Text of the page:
The annexation “will only happen after a declaration by Trump,” he told Israeli Army Radio.

Trump had already given Tel Aviv the green light for the land grab in his self-proclaimed “deal of the century,” which was unveiled in January with the aim of re-drawing the Middle East map.

However, the Trump administration has so far refrained from offering official support for the annexation sought by Netanyahu and his right-wing allies.

Unlike the US, several countries, including some of Israel’s allies, have expressed their opposition to Israel’s planned push to consolidate its occupation of Palestine.

Germany passes anti-annexation resolution

On Wednesday, the German parliament approved a resolution calling on the government to dissuade Israel from annexing the West Bank.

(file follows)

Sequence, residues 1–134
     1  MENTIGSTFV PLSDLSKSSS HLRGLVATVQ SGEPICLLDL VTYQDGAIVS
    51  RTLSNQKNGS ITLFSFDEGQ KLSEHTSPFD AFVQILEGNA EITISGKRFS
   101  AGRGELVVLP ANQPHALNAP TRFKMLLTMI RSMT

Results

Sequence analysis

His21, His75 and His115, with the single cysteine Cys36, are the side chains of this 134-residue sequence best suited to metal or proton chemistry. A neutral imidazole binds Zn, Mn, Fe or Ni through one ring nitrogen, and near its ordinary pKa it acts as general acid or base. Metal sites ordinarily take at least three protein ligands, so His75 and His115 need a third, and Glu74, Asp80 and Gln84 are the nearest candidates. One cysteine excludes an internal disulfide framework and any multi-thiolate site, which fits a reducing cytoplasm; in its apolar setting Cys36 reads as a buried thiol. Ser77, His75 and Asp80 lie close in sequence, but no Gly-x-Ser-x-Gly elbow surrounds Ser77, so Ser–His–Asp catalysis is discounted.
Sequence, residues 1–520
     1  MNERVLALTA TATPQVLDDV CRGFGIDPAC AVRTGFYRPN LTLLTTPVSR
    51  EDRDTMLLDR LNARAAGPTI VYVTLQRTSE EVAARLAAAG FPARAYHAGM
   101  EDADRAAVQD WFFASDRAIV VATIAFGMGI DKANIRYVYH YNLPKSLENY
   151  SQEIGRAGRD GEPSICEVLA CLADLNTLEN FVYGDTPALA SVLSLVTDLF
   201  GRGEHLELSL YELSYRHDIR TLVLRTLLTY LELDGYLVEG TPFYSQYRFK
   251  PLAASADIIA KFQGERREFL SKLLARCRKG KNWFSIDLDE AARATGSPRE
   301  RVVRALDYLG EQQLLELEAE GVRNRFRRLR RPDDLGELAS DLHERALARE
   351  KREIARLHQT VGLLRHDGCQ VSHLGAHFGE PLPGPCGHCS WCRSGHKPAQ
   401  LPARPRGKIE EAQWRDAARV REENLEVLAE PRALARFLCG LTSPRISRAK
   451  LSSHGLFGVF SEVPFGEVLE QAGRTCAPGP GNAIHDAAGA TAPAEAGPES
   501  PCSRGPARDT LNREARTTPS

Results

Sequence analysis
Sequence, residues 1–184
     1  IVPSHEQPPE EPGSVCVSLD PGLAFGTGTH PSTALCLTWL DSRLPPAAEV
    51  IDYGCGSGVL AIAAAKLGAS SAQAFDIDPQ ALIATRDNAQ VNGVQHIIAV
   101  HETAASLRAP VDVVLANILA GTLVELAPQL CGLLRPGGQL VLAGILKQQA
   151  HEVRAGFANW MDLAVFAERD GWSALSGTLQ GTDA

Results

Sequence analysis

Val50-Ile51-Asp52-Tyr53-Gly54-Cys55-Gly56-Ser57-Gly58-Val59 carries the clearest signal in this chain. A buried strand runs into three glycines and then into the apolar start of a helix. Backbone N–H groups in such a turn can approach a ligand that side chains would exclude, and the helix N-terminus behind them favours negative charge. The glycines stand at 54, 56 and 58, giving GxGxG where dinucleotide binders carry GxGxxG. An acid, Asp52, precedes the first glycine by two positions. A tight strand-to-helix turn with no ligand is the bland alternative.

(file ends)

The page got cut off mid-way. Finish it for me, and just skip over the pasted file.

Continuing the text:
The motion, which was brought in the German legislature by the three parties in Chancellor Angela Merkel's coalition, was approved without opposing votes. 

Berlin should use its “special relations and contacts [with Tel Aviv] to express to the Israeli government our concerns and our urgent demand to refrain from an annexation of parts of the West Bank and from the continued expansion of settlements, both of which contradict international law,” read the resolution.

Speaking at the parliamentary debate before the vote, German Foreign Minister Heiko Maas said, “We reject unilateral changes of borders, and we won’t recognize them.”

He also stressed that peace “cannot be achieved through unilateral steps but only through serious negotiations.”

France warns of consequences